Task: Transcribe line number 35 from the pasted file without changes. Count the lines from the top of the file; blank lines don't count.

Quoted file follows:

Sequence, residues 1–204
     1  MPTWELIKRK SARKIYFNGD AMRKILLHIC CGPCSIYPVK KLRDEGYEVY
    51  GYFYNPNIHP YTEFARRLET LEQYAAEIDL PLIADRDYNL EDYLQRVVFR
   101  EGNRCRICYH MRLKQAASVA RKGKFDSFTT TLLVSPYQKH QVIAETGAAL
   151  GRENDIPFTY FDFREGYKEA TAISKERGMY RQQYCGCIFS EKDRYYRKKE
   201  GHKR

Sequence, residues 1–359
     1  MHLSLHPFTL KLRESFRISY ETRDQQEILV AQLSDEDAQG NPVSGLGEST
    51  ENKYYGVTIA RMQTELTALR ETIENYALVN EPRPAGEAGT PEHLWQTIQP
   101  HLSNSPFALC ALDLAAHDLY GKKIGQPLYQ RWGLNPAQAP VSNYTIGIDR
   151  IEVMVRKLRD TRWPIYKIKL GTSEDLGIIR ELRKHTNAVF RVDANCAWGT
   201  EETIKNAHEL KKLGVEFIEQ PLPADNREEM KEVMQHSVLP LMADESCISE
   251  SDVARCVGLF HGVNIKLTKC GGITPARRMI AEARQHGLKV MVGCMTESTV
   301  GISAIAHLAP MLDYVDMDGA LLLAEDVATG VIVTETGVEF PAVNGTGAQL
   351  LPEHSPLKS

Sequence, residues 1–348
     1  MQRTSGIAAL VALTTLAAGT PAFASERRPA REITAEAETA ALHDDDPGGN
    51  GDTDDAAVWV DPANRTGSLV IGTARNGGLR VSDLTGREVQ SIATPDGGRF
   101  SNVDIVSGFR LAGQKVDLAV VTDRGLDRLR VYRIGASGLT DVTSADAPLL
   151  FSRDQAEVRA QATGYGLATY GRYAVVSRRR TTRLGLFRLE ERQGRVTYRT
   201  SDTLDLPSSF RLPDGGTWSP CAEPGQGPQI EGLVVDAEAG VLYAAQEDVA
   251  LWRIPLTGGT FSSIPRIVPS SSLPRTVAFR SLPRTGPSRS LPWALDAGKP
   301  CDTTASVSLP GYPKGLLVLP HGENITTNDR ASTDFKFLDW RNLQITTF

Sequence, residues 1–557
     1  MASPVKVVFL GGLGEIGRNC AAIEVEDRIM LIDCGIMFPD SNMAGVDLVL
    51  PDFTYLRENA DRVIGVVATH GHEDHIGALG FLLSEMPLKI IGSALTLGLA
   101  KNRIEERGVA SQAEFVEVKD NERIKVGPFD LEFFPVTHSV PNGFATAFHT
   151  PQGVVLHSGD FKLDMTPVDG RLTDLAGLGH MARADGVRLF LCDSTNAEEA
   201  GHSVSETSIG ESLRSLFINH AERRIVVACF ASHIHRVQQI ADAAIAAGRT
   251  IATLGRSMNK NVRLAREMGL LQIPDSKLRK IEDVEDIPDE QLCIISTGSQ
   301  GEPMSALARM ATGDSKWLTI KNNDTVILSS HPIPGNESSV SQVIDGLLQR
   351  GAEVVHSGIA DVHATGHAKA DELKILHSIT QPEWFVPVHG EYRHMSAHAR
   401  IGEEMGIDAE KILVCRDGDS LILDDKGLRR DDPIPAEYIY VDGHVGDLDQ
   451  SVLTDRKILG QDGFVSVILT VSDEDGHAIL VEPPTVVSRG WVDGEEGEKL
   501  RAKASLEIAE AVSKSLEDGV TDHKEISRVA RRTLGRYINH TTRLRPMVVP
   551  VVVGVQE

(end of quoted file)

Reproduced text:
   501  RAKASLEIAE AVSKSLEDGV TDHKEISRVA RRTLGRYINH TTRLRPMVVP